Guatemalan Chief Justice Epaminondas González Dubon was gunned down in Guatemala City in front of his surviving wife and youngest child shortly after he stood up for DEA evidence in a US extradition case. The suspect was a Guatemalan Army lieutenant colonel accused of smuggling 500 kilograms of cocaine to Florida. On March 23, 1994, Guatemala's Constitutional Court, led by Judge Dubon, ruled to extradite the accused Army officer. Nine days later the judge was murdered behind the wheel of his own car. Soon after the surviving justices, with a new court president, denied the extradition, changing the date and verdict but not the case number, as was first reported by the Costa Rican daily La Nacion to copy over the original ruling.
Since then drug trafficking through Guatemala has ballooned. In 2002, under pressure from its Republican allies in Congress, the Bush Administration finally told the House Western Hemisphere Subcommittee the bad news. "Intelligence indicates that large amounts of cocaine are being transshipped through Guatemala with almost complete impunity," former Reagan Administration official Otto Reich testified on behalf of the Bush Administration. "Few high-level figures are ever charged or even formally investigated for corruption, and fewer go to trial."
The same year, the Bush Administration identified two suspects, Francisco Ortega Menaldo and Manual Antonio Callejas y Callejas. Each of these men is a former Guatemalan Army intelligence commander, and each one also briefly trained at the US School of the Americas, in 1976 and 1970, respectively. Both are credited in declassified US intelligence reports with "engineering" bloody counterinsurgency methods back in the early 1980s that a United Nations Truth Commission later said included "acts of genocide." In 1996 a White House Intelligence Oversight Board report identified Ortega Menaldo as having a longstanding relationship with the CIA, although the Clinton Administration oversight board declined to say whether the Guatemalan general was merely an institutional liaison or a paid asset.
The State Department revoked the US entry visas of both these retired intelligence chiefs in 2002 over their suspected ties to drug trafficking. Ortega Menaldo publicly denied the accusations, while Callejas y Callejas never made any public comment. They are hardly Guatemala's only drug suspects. Human rights groups maintain that a shadowy network of former intelligence operatives involved in various crimes has infiltrated the nation's law enforcement institutions. In 2005 Guatemala's top two US-trained antidrug police were arrested on drug charges after the DEA lured them to Virginia to get around the need to extradite them.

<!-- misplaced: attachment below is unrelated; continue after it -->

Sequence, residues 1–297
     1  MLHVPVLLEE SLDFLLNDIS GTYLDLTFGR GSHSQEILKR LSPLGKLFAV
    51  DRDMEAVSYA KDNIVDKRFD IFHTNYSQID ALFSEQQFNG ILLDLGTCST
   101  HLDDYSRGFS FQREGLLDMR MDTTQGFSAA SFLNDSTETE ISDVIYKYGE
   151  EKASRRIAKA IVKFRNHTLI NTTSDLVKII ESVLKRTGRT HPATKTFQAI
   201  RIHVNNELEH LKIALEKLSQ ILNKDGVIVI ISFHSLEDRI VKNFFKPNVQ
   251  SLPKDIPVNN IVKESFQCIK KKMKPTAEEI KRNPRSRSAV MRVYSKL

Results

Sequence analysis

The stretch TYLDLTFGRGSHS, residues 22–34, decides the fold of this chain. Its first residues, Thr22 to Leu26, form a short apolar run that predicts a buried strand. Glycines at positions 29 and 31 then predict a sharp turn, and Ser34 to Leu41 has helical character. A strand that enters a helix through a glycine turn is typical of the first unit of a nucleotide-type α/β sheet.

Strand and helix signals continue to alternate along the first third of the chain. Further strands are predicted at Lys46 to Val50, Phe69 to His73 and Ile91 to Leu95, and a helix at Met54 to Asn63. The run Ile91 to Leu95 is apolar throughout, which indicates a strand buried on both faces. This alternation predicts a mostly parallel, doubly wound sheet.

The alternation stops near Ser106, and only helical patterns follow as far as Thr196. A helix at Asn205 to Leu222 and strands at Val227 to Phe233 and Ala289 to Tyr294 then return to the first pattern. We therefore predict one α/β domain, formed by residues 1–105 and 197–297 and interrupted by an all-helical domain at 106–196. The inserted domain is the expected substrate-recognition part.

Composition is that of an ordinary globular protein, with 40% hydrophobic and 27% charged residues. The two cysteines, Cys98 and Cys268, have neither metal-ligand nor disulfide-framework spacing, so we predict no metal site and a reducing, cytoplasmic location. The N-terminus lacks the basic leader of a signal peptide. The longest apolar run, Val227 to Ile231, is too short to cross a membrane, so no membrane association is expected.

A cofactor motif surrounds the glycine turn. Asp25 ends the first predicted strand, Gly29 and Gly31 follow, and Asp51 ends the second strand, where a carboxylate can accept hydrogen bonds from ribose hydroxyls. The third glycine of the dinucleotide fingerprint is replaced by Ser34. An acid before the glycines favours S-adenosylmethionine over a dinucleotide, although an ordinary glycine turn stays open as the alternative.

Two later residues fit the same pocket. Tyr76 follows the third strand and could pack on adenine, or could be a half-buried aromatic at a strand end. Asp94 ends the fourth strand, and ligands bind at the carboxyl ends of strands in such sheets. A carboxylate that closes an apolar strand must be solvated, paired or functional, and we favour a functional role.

In February Guatemalan authorities arrested the commander and three other officers from Guatemala's top anti-organized crime agency over the brutal murders of three Salvadoran legislators and their driver in what Guatemalan President Oscar Berger said was a drug-related massacre. One week later the same four Guatemalan special policemen had their throats slit in their jail cells before each received a tiro de gracias--a final gunshot--to insure that they were dead. While midlevel Guatemalan authorities now say they suspect jailed youth gang members of having murdered the policemen, President Berger originally blamed organized crime hit men who somehow entered the prison.
It's long been easy for US officials to blame drug trafficking on leftists of one kind or another. But both Colombia and Guatemala show organized crime is hardly exclusive to any particular cold war-era ideology. Still, one may well argue that the so-called war on drugs is a futile effort bound to fail over time. But there is no doubt that organized crime, if left untouched, only continues to shred the fabric of its own nation. Murders per capita in Guatemala are now higher than in Colombia, according to the United Nations Development Program. Guatemala--flush with drug thugs--has also seen thousands of organized rapes and murders of young women in recent years, at a level higher than even northern Mexico.
President Bush is visiting Colombia and Guatemala at a time when drug corruption and corresponding violence in each nation is spilling over. If Bush wants to demonstrate the values of social justice that this nation purports to stand for, he can begin by demanding extradition for all suspects implicated in not only mass murders in their own nations but in running tons of drugs led by cocaine to ours. It's also time for Congress, which purports to help oversee US drug control policies, to finally ask why rightist drug suspects in both Colombia and Guatemala were ignored for so long.